Covert action presents a potential policy for decision makers who want something quicker or more muscular than diplomacy but less expensive and obtrusive than military force. In contrast with intelligence, which entails collecting and analyzing information, covert action is an active instrument of foreign policy. The three main categories of covert action include propaganda, political action, and paramilitary action. Another separate category is economic action, which involves destabilizing the target state’s economy in some way. Because of the inherent secrecy of covert action, outside scholars have no way of knowing how much they do or do not know about the topic at hand and it also makes it hard to verify the information, since the information comes from a variety of sources. Covert action literature is particularly strong in case studies of particular operations. There is also a well-developed subsection within the field that focuses on covert action since the end of the Cold War, the role that the Office of Strategic Services (OSS) played during World War II, and covert actions undertaken by other states. However, there are several issues in the covert action literature. These issues include the assessment of the success or failure of particular operations and of the policy instrument as a whole, the tangible and intangible costs incurred by covert action, the ethical questions raised by conducting covert actions as well as the particular methods used and its impact on democracy, the oversight of covert action, and the evolution of US law covering covert action.
Jonathan D. Aronson and Peter F. Cowhey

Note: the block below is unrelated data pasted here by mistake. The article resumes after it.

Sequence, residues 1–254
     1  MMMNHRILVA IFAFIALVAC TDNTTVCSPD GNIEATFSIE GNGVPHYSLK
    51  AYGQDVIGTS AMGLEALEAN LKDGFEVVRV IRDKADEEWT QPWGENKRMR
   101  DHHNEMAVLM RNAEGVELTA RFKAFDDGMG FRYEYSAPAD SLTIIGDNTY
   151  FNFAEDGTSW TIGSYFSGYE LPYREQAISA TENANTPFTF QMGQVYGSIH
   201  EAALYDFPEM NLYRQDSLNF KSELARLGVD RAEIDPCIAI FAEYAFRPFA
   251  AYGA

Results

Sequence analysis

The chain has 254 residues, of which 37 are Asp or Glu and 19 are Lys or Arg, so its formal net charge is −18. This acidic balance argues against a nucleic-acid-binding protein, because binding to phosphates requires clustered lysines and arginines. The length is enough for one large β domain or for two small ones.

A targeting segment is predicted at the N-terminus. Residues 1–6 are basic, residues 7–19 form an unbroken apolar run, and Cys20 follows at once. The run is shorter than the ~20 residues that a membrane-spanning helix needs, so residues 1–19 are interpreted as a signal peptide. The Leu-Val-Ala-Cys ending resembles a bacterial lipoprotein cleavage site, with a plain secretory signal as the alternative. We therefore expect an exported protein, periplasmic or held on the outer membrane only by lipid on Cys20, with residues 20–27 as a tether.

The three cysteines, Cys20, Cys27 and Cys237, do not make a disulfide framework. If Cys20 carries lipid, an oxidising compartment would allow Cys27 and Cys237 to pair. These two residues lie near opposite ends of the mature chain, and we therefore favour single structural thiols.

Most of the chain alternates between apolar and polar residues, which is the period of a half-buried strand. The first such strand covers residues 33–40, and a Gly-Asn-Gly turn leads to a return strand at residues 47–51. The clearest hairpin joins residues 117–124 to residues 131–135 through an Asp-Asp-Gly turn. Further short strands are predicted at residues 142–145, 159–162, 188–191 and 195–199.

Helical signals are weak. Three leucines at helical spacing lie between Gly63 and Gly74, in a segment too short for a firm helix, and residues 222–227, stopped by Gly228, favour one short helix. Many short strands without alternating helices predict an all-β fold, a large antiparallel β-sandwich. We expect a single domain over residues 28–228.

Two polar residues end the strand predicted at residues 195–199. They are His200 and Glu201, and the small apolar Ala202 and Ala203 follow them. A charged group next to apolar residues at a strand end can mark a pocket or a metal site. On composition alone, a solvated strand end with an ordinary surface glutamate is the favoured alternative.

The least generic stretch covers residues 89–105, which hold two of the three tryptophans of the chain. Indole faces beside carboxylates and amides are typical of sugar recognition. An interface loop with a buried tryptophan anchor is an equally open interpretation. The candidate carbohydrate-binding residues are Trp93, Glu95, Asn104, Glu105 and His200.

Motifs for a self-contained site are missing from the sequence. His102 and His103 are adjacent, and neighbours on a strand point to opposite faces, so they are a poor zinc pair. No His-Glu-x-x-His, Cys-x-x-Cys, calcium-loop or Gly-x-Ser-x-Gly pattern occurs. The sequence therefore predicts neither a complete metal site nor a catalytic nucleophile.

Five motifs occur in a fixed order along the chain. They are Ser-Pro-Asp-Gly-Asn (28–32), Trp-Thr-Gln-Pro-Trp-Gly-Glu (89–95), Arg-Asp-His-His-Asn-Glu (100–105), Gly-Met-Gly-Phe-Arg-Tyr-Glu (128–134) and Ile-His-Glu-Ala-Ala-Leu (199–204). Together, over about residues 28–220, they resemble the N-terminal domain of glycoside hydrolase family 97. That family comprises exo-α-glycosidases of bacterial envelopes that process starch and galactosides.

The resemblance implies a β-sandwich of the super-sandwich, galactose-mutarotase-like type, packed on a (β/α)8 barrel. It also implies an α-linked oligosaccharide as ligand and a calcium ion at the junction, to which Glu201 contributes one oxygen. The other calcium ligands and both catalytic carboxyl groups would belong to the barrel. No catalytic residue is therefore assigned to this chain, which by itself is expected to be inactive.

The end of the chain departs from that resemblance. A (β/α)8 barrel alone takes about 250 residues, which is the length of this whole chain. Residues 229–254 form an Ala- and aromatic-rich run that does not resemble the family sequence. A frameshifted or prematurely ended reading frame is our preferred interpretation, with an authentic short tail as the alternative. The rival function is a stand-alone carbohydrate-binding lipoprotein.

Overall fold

Major trends in information and communication technology (ICT) are transforming the global commercial and technology landscape. Since 1945, the US market has been the most consistent agenda setter for the global market. But now, as economic gloom haunts the world, and as a new President settles in the United States, predictions abound that American dominance in international relations will give way to the leadership of China or others. However, if the United States acts vigorously on the policy front, it can maintain its international leadership position until at least 2025. In addition, the information revolution has also accelerated the changing of international actors’ roles. This is because the web and the information revolution had resulted in tremendous security, political, economic, social, and cultural consequences, which altered the roles of countries, companies, non-governmental actors, and international institutions in the conduct of international relations. ICTs can also leave a significant impact on foreign policy, as these can affect democratic and authoritarian rule, as well as give rise to the “CNN effect,” which is a relatively recent phenomenon which has a tendency to alter the extent, depth, and speed of the new global media. As the ICT revolution spreads across the planet it also resets the international relations playing field, with significant consequences for security, and political, economic, social, and cultural interactions.